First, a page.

The International Press Institute (IPI), a global network of editors, media executives and leading journalists for press freedom, today condemned the decision by Turkey’s Radio and Television High Council (RTÜK) to issue the highest possible monetary fine against TELE 1 after it broadcast an advert marking the 25th anniversary of critical newspaper Evrensel.
As Evrensel reported on August 27, RTÜK issued the fine to TELE1 over an advertisement by Evrensel that was broadcasted in June 2020 for its quarter-century anniversary. The newspaper is one the few remaining print outlets which is critical of the Turkish government.
The disputed advertisement had called for a social media gathering to mark the anniversary on June 7 with a message calling for equal labour rights, gender equality, artistic diversity peace and press freedom.
RTÜK claimed a young girl pictured in the ad holding a shawl with the colours of red, green and yellow alongside text saying “living in peace and fraternity” resembled the Kurdish liberation movement’s flag and accused TELE1 of broadcasting content praising terrorist organizations.
IPI Executive Director Barbara Trionfi said the financial penalties were “an act of intimidation aimed at silencing critical media through entirely arbitrary fines”.
TELE1’s owner and journalist Merdan Yanardağ told IPI that RTÜK has become a clear tool for government censorship of media. “Anti-democratic RTÜK with the majority of government members fining TELE1 for an ad that has no legal responsibility for the colours used in is a tragicomic situation,” he said. “This a threat against freedom of the press.”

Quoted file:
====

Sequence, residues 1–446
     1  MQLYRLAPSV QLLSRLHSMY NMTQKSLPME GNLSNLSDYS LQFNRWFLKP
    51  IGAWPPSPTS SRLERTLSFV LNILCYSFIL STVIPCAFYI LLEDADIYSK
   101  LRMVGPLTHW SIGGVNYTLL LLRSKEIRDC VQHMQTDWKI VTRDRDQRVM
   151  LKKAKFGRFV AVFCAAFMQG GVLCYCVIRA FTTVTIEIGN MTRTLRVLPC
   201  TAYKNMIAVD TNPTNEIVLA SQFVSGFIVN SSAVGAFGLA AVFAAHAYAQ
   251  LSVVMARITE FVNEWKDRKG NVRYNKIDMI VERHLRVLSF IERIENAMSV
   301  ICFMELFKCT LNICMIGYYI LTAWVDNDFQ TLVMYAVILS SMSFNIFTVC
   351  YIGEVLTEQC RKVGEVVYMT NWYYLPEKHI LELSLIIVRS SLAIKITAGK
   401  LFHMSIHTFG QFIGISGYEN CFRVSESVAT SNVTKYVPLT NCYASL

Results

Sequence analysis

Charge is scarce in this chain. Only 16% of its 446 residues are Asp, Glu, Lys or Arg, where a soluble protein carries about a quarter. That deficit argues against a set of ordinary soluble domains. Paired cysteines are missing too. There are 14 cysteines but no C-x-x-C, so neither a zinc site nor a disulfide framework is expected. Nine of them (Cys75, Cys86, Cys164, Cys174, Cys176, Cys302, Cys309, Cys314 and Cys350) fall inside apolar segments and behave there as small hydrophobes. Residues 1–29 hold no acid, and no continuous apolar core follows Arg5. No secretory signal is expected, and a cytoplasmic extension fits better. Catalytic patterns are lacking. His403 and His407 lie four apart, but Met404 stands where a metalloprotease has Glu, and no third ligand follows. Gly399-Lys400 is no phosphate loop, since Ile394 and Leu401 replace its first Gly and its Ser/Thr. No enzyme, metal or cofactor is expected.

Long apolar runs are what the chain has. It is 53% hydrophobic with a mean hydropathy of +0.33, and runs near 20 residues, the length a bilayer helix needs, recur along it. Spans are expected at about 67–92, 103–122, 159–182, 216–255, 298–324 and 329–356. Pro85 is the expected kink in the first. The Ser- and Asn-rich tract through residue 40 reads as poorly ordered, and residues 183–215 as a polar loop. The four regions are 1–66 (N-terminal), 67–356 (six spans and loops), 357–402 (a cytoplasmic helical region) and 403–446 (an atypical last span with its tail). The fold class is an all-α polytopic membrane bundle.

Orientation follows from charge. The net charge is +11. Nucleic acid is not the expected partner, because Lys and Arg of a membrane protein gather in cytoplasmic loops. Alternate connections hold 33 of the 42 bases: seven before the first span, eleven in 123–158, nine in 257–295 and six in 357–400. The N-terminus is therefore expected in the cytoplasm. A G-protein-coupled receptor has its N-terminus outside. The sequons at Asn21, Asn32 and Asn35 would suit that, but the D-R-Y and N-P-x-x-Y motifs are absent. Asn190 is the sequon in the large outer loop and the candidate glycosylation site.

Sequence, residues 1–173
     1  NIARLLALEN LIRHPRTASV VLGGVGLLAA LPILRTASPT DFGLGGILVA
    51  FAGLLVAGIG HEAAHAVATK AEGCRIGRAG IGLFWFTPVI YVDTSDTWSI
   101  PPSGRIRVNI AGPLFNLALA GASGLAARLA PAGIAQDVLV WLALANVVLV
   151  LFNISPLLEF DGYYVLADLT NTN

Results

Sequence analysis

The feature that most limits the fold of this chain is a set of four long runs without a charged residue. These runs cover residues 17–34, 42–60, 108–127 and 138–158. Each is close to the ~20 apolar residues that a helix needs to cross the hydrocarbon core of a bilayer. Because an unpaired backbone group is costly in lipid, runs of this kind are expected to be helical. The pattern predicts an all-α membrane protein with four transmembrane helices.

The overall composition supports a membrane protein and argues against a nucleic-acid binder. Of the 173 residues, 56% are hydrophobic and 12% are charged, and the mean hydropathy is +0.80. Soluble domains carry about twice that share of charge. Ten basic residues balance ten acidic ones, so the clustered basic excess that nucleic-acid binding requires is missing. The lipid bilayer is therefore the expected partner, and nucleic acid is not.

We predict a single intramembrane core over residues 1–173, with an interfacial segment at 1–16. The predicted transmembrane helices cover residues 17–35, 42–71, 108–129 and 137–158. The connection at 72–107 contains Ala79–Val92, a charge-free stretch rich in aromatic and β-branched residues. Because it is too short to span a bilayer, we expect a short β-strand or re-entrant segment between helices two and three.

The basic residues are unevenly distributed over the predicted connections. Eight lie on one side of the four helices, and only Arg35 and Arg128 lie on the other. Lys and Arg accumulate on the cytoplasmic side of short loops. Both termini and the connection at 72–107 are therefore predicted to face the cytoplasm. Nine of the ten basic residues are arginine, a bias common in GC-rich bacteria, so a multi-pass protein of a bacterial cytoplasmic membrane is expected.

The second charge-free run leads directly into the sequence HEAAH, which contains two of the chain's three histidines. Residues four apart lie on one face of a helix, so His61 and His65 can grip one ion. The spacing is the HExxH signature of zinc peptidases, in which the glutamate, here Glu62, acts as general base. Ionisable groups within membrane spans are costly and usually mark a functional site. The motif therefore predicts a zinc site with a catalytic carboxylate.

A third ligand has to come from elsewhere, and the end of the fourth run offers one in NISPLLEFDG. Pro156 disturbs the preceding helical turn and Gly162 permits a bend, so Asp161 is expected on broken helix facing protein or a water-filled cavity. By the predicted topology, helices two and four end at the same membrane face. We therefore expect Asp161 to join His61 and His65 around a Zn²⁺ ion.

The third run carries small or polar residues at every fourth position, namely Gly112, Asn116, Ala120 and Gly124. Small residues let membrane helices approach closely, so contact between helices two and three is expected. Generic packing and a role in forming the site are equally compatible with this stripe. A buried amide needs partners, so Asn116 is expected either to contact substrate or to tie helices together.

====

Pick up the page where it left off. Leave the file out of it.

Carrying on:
Evrensel Editor-in-Chief Fatih Polat explained: “The photograph used in the ad is from a Newroz celebration of Kurds [possibly in 2018], the arrival of the spring. These colours are accepted by Kurds as their national colours and used during Newroz celebrations where they renew their desire for liberation every year. […] Calling this ‘terrorist propaganda’ is a sign of the type of “Kurdish-phobia” that we see in Turkey”
“The fine against TELE1 is censorship based on unreasonable manipulation. We stand with TELE1,” Polat added.
Recently RTÜK has increasingly imposed large monetary fines and broadcasting bans, often over minor or insignificant issues, as a means to restrict media freedom in Turkey.
Only last week, it issued monetary fines against five TV broadcasters: SÖZCÜ TV, AKİT TV, TV8, TELE1 and TLC. The fines, which target broadcasters from various sides of the political spectrum, ranged from “criticizing RTÜK for not fining other media outlets” to “promoting homosexuality”.